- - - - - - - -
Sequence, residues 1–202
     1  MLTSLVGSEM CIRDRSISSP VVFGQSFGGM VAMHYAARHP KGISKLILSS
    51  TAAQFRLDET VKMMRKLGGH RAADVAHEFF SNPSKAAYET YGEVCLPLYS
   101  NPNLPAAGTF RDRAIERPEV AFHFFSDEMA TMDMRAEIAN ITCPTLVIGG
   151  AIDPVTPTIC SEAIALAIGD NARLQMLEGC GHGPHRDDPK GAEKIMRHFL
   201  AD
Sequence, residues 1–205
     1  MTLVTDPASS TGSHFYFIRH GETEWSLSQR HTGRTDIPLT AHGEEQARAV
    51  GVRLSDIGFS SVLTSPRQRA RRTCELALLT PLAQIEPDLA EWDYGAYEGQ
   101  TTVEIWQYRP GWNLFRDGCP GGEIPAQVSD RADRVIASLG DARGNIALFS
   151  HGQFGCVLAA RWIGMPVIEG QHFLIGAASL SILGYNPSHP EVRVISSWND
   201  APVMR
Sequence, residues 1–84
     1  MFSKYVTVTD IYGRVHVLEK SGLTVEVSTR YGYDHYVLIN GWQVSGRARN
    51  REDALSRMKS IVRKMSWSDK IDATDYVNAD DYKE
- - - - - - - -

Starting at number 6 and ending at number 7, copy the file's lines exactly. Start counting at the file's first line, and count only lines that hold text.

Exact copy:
   201  AD
Sequence, residues 1–205